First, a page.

Starting March 25, the Truro Daily News website will switch to a metered access site (letter from publisher/managing editor). What that means is that non-print subscribers will have limited access to stories, videos and slideshows unless they choose to pick up a monthly subscription.
The first month’s subscription to www.trurodaily.com is 99 cents. The price then goes to $7.99 per month.
“We’re following a trend that is well established now across North America,” said Richard Russell, publisher of the Truro Daily News, about the move to the metered access site.
“There is a cost associated to generating our news content and advertising revenue just isn’t sufficient.”
Subscribers to the print edition will continue to have unlimited access to www.trurodaily.com at no extra cost. All subscribers have to do is register online, which then allows them full access to everything on the site from any computer or web-enabled device. (Frequently asked questions.)
Non-print subscribers have access to 10 articles on our website every 30 days. Once that limit is reached, visitors have the option of selecting an online subscription, or returning the next month for another set of free articles.
“We are convinced there is enough relevant information on our website everyday to warrant non-print subscribers paying a nominal amount each month to access that information,” said Russell.
Carl Fleming, managing editor of the Truro Daily News, says reader demand helped bring about the change.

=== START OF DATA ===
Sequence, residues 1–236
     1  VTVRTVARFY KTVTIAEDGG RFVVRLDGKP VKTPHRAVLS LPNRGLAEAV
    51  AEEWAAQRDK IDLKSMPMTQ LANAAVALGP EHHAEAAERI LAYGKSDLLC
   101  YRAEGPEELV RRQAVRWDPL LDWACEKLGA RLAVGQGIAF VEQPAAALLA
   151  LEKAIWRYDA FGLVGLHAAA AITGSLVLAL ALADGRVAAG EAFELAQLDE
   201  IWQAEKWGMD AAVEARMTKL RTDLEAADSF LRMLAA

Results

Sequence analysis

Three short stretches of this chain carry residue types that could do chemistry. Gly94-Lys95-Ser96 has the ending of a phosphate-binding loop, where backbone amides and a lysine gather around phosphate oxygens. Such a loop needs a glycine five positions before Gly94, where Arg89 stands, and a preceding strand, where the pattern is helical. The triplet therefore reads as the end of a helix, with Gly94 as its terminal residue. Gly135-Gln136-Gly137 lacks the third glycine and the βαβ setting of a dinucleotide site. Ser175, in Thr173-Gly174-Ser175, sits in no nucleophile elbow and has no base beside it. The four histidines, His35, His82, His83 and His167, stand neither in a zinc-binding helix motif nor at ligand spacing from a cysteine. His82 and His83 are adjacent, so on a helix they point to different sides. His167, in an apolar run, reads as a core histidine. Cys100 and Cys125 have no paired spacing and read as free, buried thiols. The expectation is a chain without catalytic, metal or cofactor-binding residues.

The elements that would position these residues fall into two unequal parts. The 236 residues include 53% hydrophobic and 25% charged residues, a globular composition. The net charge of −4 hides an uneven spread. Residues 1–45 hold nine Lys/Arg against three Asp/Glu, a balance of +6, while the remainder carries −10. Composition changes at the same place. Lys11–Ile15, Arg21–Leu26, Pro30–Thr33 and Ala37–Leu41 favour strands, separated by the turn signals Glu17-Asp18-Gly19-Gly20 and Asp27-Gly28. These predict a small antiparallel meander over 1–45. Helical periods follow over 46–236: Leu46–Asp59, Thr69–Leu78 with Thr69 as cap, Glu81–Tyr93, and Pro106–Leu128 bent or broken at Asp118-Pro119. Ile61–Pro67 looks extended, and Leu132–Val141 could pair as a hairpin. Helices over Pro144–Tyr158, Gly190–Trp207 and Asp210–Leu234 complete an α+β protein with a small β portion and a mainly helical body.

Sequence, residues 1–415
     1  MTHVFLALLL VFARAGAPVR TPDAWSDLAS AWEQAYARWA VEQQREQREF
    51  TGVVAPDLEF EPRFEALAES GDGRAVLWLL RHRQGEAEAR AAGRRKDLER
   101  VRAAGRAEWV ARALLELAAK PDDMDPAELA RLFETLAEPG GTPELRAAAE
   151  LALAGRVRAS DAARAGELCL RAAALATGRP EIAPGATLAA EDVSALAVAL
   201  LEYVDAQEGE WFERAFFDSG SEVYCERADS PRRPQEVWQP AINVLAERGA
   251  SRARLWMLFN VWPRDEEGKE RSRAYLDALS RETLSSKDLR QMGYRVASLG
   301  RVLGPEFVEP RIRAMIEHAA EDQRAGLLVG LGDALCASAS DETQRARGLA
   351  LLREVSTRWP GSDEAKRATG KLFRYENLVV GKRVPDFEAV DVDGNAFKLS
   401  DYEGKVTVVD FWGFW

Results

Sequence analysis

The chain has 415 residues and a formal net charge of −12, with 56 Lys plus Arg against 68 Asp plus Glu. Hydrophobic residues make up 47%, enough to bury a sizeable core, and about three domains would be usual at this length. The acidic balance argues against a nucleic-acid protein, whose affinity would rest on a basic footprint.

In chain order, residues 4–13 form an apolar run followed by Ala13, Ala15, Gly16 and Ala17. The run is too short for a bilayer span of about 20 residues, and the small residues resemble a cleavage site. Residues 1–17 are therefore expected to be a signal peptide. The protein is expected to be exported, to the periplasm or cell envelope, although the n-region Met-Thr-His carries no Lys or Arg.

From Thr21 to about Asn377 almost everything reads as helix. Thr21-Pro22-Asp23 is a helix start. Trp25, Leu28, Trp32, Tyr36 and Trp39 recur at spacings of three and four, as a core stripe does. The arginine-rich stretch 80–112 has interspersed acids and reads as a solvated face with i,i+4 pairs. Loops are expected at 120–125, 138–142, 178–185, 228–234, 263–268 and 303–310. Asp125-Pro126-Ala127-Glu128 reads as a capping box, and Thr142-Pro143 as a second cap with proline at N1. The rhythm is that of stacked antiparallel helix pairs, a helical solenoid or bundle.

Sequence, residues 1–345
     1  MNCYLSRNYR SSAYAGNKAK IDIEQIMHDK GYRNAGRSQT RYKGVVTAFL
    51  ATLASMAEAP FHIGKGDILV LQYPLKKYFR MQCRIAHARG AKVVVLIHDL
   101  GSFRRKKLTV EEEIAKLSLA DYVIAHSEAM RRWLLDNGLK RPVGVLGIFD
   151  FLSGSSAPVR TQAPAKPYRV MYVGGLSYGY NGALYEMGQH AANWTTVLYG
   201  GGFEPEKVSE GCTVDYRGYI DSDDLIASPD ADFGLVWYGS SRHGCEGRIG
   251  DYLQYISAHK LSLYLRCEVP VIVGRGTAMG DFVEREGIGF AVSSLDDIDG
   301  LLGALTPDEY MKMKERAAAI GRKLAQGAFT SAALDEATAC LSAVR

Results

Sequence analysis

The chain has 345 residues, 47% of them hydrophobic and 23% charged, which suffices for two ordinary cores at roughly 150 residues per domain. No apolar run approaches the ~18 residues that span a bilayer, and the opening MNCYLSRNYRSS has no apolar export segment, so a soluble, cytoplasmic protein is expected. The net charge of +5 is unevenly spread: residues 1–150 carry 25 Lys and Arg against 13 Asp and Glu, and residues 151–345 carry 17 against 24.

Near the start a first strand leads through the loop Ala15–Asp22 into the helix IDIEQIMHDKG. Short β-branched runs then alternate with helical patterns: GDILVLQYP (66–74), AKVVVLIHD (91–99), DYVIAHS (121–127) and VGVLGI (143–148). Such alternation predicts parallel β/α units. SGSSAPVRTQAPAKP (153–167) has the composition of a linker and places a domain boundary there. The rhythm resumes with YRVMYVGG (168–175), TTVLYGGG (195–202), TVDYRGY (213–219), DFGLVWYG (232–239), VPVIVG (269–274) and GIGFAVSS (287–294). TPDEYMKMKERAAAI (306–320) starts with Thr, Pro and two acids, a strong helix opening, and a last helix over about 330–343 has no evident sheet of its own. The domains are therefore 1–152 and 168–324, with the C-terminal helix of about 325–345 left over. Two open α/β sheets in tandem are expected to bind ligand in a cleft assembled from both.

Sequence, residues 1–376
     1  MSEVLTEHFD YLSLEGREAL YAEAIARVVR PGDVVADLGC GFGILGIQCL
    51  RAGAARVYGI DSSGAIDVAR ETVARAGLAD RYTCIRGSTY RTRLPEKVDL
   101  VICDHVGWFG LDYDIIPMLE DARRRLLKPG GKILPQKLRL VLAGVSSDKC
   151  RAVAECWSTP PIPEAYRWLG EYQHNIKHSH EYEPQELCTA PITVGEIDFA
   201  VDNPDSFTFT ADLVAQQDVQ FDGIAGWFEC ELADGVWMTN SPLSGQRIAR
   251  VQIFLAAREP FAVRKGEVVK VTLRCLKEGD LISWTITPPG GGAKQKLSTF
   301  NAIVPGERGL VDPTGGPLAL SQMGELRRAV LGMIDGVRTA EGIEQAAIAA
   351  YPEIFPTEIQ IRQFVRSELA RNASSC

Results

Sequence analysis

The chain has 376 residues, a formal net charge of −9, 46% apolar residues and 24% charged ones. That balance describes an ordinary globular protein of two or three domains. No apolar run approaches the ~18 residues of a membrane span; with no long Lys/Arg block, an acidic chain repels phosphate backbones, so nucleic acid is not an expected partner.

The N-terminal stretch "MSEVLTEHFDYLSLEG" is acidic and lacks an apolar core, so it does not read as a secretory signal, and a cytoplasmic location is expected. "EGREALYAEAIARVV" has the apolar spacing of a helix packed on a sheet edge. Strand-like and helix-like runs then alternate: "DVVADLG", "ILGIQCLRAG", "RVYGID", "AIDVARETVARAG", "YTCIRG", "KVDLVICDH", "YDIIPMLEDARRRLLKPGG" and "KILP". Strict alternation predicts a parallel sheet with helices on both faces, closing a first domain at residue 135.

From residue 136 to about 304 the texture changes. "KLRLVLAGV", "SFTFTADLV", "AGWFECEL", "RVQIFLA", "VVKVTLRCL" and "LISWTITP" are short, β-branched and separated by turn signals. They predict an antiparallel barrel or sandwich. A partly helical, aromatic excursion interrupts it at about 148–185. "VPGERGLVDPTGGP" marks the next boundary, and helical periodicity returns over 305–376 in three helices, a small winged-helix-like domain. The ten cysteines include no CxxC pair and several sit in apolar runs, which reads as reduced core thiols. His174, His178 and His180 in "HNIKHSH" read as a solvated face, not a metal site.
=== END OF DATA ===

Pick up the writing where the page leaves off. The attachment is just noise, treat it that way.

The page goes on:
“We are very excited about this launch,” he said. “Our readers want us to cover more local events all the time and a metered access website helps ensure we can meet those demands.
“We believe our locally-produced news has value and that our loyal readers will support that.”
Since the early 2000s, many newspapers in North America have transitioned from all-access websites to metered access (or paywalls) including the Globe and Mail, Sun Publications (Toronto, Calgary, Edmonton, etc.), Hamilton Spectator, New York Times, LA Times, and the Daily Gazette in New York.
The weekly Bridgewater Bulletin switched to a paid website last year, making it the first newspaper in Nova Scotia to do so.
Rick Edmonds, media business analyst and leader of news transformation with Poynter Institute in Florida, said the transitions are happening across the country.
“Up to about 400 of 1,350 papers in the United States have them, so it’s certainly a trend,” said Edwards. “We probably could say that it’s too early to say if all will be successful, but in the general way it seems to be working well enough.”
While there haven’t been many reports done on the outcome of paid websites, Edmonds said there is some evidence out there.
“From some of the companies that have gone that route, particularly with the metered access model, the page views tended to fall some,” he said. “In a way that has gone well is that newspapers typically offer a bundled subscription with some form of print subscription.”